Selling automobiles is not an activity for the faint of heart. Profit margins are thin as the fabric on a Fredricks of Hollywood negligée, clients are few and far between, and keeping the customers, manufacturers, financiers, and employees happy is more than a full-time job. As a result, just about any kind of promotion you can think up that works is a big honkin’ deal. So you’d think that when you’re a dealer that comes up with an idea that sells cars, the banks, the manufacturers, and the “creating jobs is job #1” Federal government would be thrilled. And you’d be wrong, when that idea involves guns.
Mark Muller is the owner of Max Motors, a new car dealership in Butler, Missouri. He sells American cars – Ford, Dodge, Chevy, Jeep, Buick, GMC and Cadillac. Back in July of ’09, Muller was interviewed on CNN about his Annual Great Guns and Gas Give-Away, where every new car sold came with a voucher toward the purchase of an AK-47.
I know a thing or two about automobile marketing. For longer than I care to remember, I wrote, directed, and edited TV spots for a chain of local car dealers, new and used. Lets just say that doing car promotions is to advertising and marketing what ambulance-chasing is to practicing law. Good promotions are hard to come by. Particularly ones that don’t cost more than they’re worth. Fundamentally, car dealers have somewhere between $200 and $400 per car, to spend on advertising/promotions. That includes TV time, newspaper ads, et cetera. The best promotions are ones that get people in the door, but they rarely actually redeem, i.e., a coupon. Coupons are great – they cost next-to-nothing if the customer doesn’t bother to redeem it, and the cost of redemption is built-in to the sale price of the car.
Max Motors AK-47 promotion is just about perfect – high profile, and easy to administer. That is, until CNN came a-callin.’ That’s when the fecal matter impacted upon the oscillating, rotating device for moving large volumes of air.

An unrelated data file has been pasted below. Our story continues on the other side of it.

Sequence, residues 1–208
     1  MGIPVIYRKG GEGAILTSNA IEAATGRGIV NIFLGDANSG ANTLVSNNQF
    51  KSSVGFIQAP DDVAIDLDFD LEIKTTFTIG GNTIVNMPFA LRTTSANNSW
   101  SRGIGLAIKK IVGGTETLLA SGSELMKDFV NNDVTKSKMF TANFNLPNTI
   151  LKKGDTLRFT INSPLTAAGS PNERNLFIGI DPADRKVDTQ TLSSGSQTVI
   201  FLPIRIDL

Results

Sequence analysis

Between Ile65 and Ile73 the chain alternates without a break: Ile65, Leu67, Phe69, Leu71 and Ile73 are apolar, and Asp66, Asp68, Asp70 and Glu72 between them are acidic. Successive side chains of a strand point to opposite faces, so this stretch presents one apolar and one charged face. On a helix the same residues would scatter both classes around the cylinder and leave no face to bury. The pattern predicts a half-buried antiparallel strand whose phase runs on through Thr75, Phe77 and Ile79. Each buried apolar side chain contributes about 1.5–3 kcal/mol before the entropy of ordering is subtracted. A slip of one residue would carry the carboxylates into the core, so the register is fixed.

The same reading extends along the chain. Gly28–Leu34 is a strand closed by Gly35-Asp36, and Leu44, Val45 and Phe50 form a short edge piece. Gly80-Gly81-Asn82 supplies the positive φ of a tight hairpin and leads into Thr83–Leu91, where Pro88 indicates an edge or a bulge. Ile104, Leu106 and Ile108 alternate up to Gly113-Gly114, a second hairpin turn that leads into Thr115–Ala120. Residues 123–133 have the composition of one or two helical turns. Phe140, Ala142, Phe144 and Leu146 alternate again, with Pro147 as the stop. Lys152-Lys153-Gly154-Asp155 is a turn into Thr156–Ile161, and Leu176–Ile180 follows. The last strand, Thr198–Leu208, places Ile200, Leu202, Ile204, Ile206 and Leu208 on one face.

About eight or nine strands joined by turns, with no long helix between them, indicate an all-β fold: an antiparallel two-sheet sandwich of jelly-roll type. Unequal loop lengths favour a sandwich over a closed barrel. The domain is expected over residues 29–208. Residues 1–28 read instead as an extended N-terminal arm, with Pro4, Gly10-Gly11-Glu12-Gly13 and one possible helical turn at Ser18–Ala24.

Within three days of the story airing on CNN, the dealership got a visit from those conscientious folks over at the Bureau of Alcohol, Tobacco and Firearms – better known as the ATF.
The ATF swooped in on the dealership while Muller was out, demanding to talk to the person in charge and to see the guns. The ATF agents refused to believe there were no guns – just vouchers. The next day, Muller was “invited” to come down to a meeting and was instructed to bring all his personal guns. Muller wisely held his ground, insisting on a little thing called “due process.”
Muller reports that the ATF folks were very polite, but would not back down, even though he explained that NO guns were being given away – only vouchers towards the purchase of a gun. When he asked the lady at the ATF, “Don’t you have something better to do?” she explained, “Let me tell you how important this is, the White House started their morning with a briefing on you. We got a call from Washington, D.C. this morning. They wanted you checked out.” So I suppose, the answer to Muller’s question was “No, they DON’T have anything better to do. Muller was also threatened with a raid on his home, to audit his personal firearms. (To date, the raid has not taken place.)
You’d think pressure from D.C. would be enough. But nooooo – Muller’s three-year relationship with the First National Bank of Kansas was terminated immediately. “Never send us more paperwork: You’re done,” they said. “What you’re doing is irresponsible – and we don’t ever want to do business with anyone like you ever again.”
His insurance was cancelled by an agent in Harrisonville, not only for Max Motors, but for unrelated businesses that Muller owns. And let’s not forget the fine folks in state government. The Missouri Department of Revenue tried to shut down Max Motors over some petty regulations. When Muller quizzed the agent as to if their attention to his business was related to the gun promo, the agent smiled and said, “WHAT promotion?”
Not enough persecution for you? How about
Government Motors General Motors? Citing the attack on a Jewish Community Center in California by right-wing extremists, GM demanded Max Motors cease and desist the promotion immediately, or lose his Chevy, Buick, GMC and Cadillac dealerships.
Muller asked to see the letter, signed by then-GM senior advisor Bob Lutz. The rep refused to hand him the letter, but finally consented to allow Muller to read it. Muller refused to back down. He lost his Cadillac dealership. Apparently, seeing that the world did not come to an end, and the strong-arm tactics didn’t work, GM is giving Cadillac back to him.
This October, Muller plans to run the promotion again. He’s running it this time through his Ford dealership, but will advertise it in the newspaper that covers his Chevy dealership. Should GM complain, he plans to point out that they have no control over his business with Ford.
So let’s recap: a dealer comes up with a popular promotion, involving vouchers for AK-47s. The ATF, State Dept. of Revenue, a bank, an insurance agency, and an automobile manufacturer ALL tried to bully Muller or punish him for having the audacity to use a gun (an AK-47, no less) to promote car sales. At a time where jobs are hard to come by and car sales even harder, you’d think offering a voucher for a legal product would be A-okay by the Nanny State. But when the “guns = bad” meme is a constant drumbeat in the media, and ideology trumps common sense, the only thing you can count on is that Max Motors is in the government’s crosshairs.